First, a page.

Four years later, they relocated to a house on “C” Street in Washougal, where they have lived ever since.
“When we moved here, Washougal was about the same size as Enumclaw had been when I grew up, so I was comfortable with the size of the village we were in,” Les said. “I just felt welcomed when I moved to Washougal. I did not have to dance any jigs for the neighbors or anything. It was just a nice place to live.”
While Les worked, Wanda stayed busy, raising three children — their youngest, Jeffrey, was born in 1960 — and volunteering for several community organizations, including East County PEOPLE (Promoting Economic Opportunity Preserving Livable Environment) the Camas-Washougal Historical Society.
“She’s been kind of cautious about how many things she volunteered for, because she knew how deeply she could get involved,” Les said.
Les also served Washougal as a city planning commissioner, council member and interim mayor.
“I enjoyed being on the planning commission and directing the growth pattern of the physical city. I also enjoyed most of my time as a councilman and mayor,” said Les, who took over as the Washougal’s mayor when William Bright resigned in 1987 and remained in the position until 1989, when Mason Smith was elected to the position.
“I had a few problems with what I thought was incompetence in the city staff, so I angered a few people because I tried to make some changes there. Washougal had reached a point where growth had almost stopped because they were having so much trouble getting the paperwork through the system.”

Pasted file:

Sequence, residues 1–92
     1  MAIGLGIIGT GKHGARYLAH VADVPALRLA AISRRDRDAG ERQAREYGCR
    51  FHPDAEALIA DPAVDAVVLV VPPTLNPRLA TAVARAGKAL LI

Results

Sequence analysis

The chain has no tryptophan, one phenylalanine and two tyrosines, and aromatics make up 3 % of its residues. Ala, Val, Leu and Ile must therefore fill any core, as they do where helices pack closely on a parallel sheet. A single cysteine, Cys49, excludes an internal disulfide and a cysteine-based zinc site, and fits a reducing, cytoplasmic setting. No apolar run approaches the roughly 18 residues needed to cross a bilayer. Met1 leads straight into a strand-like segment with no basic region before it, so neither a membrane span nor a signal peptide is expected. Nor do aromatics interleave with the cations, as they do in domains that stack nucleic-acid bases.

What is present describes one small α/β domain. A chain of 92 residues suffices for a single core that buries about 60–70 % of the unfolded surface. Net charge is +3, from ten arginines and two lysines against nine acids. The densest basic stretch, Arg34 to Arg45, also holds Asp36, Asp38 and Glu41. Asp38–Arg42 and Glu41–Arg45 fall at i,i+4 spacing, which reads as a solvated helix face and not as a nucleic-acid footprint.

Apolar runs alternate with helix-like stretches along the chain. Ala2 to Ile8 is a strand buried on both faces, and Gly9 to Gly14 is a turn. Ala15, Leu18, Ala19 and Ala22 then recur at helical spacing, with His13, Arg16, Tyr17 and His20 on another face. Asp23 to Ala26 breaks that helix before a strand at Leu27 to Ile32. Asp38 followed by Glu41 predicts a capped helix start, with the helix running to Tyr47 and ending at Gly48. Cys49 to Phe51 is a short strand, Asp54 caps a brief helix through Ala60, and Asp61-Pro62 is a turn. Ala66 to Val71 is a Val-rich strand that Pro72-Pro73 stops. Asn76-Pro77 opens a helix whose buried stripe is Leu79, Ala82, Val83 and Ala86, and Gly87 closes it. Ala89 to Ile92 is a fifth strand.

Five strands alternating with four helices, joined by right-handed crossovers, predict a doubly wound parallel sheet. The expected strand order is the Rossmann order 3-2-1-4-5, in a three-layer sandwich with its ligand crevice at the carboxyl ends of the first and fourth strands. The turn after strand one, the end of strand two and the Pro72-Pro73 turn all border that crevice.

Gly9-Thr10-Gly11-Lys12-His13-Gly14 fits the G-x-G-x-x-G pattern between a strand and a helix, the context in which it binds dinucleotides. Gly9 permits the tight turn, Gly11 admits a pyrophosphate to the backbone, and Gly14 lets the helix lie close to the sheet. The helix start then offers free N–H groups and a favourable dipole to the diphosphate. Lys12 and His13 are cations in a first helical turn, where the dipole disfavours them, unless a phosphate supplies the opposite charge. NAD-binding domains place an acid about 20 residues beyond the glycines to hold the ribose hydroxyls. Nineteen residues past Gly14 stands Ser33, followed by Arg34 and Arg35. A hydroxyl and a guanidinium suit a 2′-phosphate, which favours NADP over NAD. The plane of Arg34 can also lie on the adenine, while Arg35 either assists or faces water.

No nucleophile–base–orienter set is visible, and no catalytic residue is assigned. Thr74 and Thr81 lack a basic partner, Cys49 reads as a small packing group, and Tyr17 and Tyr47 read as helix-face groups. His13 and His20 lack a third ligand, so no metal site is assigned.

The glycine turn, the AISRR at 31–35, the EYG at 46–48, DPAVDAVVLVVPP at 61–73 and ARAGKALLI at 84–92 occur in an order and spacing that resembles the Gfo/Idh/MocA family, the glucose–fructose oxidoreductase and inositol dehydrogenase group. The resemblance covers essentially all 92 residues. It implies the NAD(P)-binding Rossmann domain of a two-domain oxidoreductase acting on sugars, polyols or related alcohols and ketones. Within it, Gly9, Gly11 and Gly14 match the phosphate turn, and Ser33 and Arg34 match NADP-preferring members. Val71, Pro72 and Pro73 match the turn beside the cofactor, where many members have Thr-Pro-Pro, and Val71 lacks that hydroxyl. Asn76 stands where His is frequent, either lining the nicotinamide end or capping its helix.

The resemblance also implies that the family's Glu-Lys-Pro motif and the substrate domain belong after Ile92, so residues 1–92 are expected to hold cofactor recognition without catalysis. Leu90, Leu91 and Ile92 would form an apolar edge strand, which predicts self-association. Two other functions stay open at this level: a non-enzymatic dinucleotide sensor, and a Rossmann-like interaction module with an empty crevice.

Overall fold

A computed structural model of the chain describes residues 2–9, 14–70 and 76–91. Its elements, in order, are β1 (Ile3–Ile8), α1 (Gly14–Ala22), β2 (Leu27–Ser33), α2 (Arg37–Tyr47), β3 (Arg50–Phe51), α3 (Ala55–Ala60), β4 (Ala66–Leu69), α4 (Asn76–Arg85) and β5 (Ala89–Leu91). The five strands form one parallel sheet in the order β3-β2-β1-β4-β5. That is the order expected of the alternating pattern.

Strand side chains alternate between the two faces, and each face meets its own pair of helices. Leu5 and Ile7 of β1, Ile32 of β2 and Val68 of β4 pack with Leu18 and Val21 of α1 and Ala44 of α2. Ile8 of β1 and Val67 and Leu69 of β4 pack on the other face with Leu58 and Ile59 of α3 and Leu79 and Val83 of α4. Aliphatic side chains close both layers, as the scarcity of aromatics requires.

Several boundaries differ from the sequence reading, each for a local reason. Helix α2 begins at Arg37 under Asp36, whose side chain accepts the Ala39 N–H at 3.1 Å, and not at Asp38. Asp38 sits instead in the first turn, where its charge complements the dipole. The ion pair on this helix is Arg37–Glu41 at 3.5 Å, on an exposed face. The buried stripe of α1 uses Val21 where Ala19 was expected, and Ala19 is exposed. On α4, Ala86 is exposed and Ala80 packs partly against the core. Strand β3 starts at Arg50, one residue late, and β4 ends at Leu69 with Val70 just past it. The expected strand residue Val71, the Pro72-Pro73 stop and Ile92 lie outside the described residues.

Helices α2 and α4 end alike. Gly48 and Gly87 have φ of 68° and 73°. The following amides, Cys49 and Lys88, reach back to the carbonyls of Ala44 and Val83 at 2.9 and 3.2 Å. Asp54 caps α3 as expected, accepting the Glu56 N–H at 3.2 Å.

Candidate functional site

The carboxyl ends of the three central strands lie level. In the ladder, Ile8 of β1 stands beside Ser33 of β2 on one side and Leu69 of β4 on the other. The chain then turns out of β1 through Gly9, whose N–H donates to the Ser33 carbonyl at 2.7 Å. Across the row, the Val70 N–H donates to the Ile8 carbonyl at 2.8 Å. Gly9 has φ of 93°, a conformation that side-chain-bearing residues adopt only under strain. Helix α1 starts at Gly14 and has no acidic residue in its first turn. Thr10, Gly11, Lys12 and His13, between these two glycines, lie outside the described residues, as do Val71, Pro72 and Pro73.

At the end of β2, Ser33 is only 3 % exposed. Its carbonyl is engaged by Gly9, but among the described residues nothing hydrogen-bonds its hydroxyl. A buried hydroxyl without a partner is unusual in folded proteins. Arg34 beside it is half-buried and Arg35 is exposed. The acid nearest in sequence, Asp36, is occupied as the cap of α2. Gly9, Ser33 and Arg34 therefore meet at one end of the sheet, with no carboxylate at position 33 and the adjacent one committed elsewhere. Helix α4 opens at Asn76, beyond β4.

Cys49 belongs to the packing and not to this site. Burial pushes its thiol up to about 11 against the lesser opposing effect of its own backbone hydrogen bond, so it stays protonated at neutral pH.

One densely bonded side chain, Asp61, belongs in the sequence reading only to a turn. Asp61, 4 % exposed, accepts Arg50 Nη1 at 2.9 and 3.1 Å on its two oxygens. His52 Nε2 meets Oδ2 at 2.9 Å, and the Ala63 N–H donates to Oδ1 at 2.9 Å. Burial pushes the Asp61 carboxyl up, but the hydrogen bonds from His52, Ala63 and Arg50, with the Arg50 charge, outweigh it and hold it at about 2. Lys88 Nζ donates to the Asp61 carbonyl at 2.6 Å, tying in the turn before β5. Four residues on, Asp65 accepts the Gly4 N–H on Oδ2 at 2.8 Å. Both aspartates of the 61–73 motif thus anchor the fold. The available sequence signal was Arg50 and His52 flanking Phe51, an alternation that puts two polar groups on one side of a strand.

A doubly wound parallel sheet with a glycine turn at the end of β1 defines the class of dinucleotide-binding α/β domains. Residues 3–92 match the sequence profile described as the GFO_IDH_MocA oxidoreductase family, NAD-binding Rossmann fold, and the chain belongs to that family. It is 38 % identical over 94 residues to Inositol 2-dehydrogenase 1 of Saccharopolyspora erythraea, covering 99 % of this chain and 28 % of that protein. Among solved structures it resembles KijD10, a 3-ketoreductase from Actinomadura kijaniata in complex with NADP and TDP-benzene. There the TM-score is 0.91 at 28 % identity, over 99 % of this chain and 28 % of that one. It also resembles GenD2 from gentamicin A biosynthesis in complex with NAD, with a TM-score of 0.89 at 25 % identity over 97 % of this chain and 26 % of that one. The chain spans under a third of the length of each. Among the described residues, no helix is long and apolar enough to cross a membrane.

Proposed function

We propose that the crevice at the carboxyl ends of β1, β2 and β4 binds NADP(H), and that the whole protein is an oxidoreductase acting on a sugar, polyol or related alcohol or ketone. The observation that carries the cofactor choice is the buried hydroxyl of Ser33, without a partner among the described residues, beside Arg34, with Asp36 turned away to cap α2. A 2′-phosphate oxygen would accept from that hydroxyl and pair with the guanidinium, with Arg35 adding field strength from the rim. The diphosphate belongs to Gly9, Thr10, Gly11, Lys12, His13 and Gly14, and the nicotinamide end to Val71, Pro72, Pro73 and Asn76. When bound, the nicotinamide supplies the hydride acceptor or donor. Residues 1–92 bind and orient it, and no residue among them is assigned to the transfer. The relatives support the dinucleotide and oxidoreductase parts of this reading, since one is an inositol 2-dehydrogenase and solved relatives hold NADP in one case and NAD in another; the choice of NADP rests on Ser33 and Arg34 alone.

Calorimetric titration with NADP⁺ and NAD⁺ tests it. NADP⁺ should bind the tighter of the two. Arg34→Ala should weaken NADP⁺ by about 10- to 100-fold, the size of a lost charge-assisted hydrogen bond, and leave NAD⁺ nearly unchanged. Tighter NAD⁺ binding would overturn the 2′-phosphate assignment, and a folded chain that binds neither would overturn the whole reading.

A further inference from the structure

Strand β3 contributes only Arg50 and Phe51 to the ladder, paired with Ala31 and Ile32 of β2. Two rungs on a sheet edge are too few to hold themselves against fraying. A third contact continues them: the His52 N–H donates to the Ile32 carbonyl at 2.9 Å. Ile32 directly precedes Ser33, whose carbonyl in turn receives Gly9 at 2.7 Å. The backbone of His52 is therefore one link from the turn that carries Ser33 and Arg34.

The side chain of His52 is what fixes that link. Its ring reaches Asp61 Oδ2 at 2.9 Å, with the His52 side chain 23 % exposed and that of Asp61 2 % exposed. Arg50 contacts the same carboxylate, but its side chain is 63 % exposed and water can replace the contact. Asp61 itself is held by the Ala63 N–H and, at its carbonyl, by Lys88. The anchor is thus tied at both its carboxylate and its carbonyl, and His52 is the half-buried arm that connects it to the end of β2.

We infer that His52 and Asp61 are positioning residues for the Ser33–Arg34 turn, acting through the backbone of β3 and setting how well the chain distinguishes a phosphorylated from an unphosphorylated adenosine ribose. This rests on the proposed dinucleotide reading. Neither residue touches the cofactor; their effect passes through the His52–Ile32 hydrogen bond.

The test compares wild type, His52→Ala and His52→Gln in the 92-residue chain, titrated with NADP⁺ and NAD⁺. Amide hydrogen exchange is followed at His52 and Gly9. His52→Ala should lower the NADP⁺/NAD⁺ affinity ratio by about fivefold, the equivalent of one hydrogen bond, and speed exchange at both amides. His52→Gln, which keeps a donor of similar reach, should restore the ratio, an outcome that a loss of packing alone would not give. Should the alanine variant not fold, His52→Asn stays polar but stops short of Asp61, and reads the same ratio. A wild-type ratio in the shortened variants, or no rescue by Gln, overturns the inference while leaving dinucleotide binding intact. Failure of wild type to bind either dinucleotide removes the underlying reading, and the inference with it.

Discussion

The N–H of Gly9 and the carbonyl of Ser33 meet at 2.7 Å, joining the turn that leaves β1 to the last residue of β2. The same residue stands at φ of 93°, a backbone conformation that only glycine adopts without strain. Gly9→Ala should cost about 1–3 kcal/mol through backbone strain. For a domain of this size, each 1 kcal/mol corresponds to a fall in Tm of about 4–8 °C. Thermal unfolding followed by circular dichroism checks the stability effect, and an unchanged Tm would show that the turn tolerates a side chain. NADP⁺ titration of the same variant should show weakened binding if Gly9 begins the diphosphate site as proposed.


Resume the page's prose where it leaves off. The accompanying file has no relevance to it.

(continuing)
Couple thankful for health, family
The Sonnesons remained active in retirement, spending a large part of their time away from home.
“We did quite a bit of traveling around the western United States,” Les said. “We went east of the Mississippi a couple of times, but most of our travels were up and down the west coast and back to Montana, Wyoming and Colorado — just enjoying the scenery, essentially. We had no major demands on us, so we just kind of enjoyed ourselves.”
Les enjoys gambling — he used to have a craps table in his basement to practice for visits to some of his favorite gaming establishments, such as Cal Neva Casino and Harold’s Club in Reno, Nevada.
“And Wanda likes scotch,” Meghan added. “Whenever Greg gets some good stuff, he takes a glass over to her. And he still goes over and puts up their Christmas lights in the tree for Wanda because she loves them.”
And up until a few years ago, they still did all of their own house and yard work.
“Every day in the summer, Les would be out there in his yard work jumpsuit, and he and Wanda would be on their knees weeding and tending to all their flower beds,” Meghan said. “They really never ask for help. They are ‘do-it-yourself’ people in a time when people pay to have things done.”
Les and Wanda feel fortunate to spend so much time with their two children and five grandchildren, most of whom live in Washougal. (Steven passed away in 2005 after contracting hepatitis.)
But these days, they aren’t as physically active as they used to be. Wanda has suffered from two strokes in the past several years as is bound to a wheelchair. Les “is not physically able to trust (himself) to do much on two feet,” but can move around a bit with the help of a walker.
Even so, “(we’re thankful for) the fact that we still have reasonable health,” Les said. “We’re extremely limited in what we can do. We have to count on Cheryl to put the wheelchairs and walkers in the car and take us to where we want to go. This past year we’ve done nothing except sit at home.”
They are still perfectly capable of bringing joy to others, however — the same way they’ve brought joy to each other for the past seven-and-a-half decades.
“They have great stories about their youth and travels,” Meghan said. “Les reminds us of Mark Twain. He always has a story to tell and a twinkle in his eye. Wanda is quieter these days, but she is always listening and pops up to put him in his place or correct a story. They make us laugh a lot and have a wonderful rapport — you know, the way people do when they’ve been married 75 years.”